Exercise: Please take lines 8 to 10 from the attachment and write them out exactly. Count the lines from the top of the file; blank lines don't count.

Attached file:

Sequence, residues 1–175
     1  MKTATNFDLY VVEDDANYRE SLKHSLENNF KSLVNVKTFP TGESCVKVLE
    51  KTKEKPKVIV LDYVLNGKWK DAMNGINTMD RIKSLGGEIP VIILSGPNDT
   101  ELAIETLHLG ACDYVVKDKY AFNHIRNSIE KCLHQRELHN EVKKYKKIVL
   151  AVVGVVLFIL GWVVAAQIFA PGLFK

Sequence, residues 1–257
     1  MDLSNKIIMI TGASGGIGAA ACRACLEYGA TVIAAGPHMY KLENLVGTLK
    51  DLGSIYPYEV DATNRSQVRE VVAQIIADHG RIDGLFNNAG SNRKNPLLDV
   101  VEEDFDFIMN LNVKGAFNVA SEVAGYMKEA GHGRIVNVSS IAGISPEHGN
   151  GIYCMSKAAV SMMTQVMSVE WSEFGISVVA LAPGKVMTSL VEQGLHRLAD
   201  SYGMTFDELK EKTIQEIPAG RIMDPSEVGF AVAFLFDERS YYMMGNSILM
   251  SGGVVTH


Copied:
    51  DLGSIYPYEV DATNRSQVRE VVAQIIADHG RIDGLFNNAG SNRKNPLLDV
   101  VEEDFDFIMN LNVKGAFNVA SEVAGYMKEA GHGRIVNVSS IAGISPEHGN
   151  GIYCMSKAAV SMMTQVMSVE WSEFGISVVA LAPGKVMTSL VEQGLHRLAD